The Connected Class Community [C3]: An Approach to Online Course Design

Vitundu's Family

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Our university is evaluating Learning Management Systems right now, and comparing the features of Blackboard 9.1, MoodleRooms Joule, and Instructure‘s Canvas LMS has forced me to think about basic tools in online learning. Which tools do we need and which are just niceties? [Or worse– impediments to high quality teaching and learning?] Is there a holistic way to think about online learning tools that makes it more intuitive to know how best to give an online learning community the tools it needs?

I approached this list using abstract, flexible criteria that describe a tool’s function in a Connected Class Community. In other words, I want to talk about what an online learning community needs without talking about specific tools by name. The tools change from year to year nowadays, but the act of sharing learning is as old as human civilization itself. The activities that we engage in as a community of learners could take place in a small village of humans who’ve never heard of a computer as easily as they take place on the Internet. Our technologies for building online learning communities should help us rediscover what modern societies have forgotten about human community. I hope that, by using evocative, symbolic images and connecting with deeply human communication needs, we can get closer to helping communities of learners support lifelong, life-wide inquiry.

So what are the essential components of a Connected Class Community?

This is a short list of the main features a Connected Class Community needs to possess. Each topic is discussed in greater depth when you follow the hyperlink.

  • The Library— An easily accessed wealth of rich, relevant materials curated to support learning.
  • The Commons— A vibrant communal discussion channel where all are clearly heard and included in the group dialogue [polylogue?]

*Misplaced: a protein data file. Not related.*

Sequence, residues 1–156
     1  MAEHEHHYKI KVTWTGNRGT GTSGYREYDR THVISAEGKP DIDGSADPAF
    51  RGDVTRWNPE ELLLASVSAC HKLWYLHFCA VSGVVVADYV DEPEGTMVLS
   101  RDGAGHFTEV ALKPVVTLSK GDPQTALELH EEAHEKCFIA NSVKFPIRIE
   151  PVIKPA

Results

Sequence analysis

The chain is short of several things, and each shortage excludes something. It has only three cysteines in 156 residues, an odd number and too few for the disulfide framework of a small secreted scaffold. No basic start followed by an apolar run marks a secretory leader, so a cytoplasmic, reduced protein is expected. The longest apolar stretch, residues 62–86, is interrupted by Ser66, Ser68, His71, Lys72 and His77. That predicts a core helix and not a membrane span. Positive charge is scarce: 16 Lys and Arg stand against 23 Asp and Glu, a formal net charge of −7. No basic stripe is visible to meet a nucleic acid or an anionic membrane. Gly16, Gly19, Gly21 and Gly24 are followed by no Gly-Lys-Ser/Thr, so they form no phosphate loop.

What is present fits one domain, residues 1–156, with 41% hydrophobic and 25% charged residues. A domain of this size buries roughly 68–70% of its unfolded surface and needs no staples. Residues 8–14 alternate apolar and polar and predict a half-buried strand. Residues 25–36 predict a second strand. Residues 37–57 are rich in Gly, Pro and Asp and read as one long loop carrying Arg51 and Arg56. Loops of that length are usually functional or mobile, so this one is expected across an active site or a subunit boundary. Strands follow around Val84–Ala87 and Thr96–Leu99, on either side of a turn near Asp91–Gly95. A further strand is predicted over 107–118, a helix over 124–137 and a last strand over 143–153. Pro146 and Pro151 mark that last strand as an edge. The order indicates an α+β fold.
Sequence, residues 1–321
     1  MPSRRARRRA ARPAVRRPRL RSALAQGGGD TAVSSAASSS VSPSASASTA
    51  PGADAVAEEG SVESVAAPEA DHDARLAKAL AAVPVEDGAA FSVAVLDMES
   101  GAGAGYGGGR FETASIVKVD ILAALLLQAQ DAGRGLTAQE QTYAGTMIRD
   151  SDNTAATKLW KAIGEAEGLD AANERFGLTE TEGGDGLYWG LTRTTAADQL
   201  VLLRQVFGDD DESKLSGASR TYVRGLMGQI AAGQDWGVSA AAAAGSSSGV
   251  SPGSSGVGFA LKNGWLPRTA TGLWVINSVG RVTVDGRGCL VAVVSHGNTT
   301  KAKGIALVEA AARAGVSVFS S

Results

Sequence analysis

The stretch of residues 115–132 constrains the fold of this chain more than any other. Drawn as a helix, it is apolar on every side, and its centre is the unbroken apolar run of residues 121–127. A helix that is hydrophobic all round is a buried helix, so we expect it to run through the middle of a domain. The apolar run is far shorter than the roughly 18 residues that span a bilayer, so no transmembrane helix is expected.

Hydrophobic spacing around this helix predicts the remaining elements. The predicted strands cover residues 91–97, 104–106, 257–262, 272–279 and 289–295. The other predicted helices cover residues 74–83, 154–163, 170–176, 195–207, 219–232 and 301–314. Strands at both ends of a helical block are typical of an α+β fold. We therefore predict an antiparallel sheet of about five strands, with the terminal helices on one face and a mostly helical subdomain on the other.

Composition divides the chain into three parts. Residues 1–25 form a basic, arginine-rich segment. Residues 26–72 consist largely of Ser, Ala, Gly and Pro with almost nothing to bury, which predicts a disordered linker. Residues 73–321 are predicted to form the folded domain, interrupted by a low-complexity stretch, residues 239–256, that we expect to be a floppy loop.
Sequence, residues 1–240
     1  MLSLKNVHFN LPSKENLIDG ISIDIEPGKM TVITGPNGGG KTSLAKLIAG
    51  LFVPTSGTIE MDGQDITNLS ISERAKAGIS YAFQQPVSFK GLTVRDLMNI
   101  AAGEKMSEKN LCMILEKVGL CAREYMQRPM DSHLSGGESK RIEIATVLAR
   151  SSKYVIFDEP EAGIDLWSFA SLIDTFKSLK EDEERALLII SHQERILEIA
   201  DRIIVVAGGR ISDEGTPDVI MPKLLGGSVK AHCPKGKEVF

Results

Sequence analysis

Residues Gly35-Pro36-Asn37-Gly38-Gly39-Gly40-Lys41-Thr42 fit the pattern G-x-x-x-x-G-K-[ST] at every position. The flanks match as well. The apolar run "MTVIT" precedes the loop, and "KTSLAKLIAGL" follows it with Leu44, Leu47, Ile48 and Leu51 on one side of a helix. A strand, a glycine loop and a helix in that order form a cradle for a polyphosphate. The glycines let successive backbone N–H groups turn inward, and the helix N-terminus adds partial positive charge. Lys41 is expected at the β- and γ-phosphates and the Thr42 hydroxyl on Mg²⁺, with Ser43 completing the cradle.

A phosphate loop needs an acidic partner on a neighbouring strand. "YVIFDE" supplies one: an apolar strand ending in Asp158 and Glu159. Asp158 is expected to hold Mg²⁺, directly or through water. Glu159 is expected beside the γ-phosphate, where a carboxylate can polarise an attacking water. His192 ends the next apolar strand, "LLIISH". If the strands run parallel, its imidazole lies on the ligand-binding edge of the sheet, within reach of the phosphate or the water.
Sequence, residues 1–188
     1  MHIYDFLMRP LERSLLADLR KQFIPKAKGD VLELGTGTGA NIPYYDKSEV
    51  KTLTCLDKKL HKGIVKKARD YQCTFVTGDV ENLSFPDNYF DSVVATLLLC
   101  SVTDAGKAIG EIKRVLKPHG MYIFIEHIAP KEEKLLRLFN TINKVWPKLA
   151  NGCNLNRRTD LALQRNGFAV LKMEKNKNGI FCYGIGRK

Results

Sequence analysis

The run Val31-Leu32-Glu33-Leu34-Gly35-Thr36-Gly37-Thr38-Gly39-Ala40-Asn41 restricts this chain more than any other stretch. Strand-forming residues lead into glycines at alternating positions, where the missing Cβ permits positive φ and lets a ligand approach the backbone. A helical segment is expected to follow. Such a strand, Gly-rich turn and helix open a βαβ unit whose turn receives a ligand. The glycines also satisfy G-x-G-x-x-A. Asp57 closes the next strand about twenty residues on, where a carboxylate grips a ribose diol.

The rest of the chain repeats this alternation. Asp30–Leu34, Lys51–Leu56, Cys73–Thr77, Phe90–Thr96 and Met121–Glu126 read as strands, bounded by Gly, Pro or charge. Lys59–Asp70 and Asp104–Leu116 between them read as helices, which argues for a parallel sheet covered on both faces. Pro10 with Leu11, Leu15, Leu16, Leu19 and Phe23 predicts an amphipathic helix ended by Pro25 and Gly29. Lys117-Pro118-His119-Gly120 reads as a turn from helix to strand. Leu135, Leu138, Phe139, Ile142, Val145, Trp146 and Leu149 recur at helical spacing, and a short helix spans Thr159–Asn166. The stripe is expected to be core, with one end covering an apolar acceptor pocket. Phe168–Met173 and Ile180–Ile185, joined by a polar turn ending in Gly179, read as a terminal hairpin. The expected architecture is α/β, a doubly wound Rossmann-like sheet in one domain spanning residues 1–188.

• The Golden Apple— Something of intrinsic and genuine value that inspires wonder and empowerment
  • The Direction— Goals and practices are aligned and realigned continuously.
  • The Room of Secrets— A place where confidential information is shared in trust between Student and Teacher
    • A confidential dialogue channel where the student and teacher bond of trust is enacted.
    • A safe, private place to work with content outside of the class community conversation.
  • The Memory— A place for the storage, retrieval, and reflection on learning.
  • The Master— Caring demander, challenging questioner, and resourceful guide
  • The Learner— All members of the course community, all committed and engaged in mastering skills and constructing meaning

Please follow the links as I discuss in depth how you can implement these tools in your LMS, blog, wiki, (or any ol’ Open Learning Network).

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Written by

Ted Curran is a Learning Experience Designer/Developer for Autodesk. He is committed to empowering educators and learners to create transformational change through effective pedagogy and technology integration. You can follow Ted on Mastodon, LinkedIn or learn more at my 'About" page. These thoughts are my own.

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4 Responses

  1. February 18, 2011

    […] “The Direction” (AKA “The ‘Angry Birds’ Guide to Lesson Planning”) (This post is part of a series called “The Connected Class Community”). […]

  2. February 18, 2011

    […] Golden Apple”: Showing Students that Their Learning Matters (This post is part of a series called “The Connected Class Community”). Image by Topsy at Waygood via […]

  3. February 18, 2011

    […] Commons”: The Importance of Talking Out of Turn (This post is part of a series called “The Connected Class Community”). Image via […]

  4. February 18, 2011

    […] Library”: Surrounding Students with a Wealth of Information (This post is part of a series called “The Connected Class Community”). Image via […]

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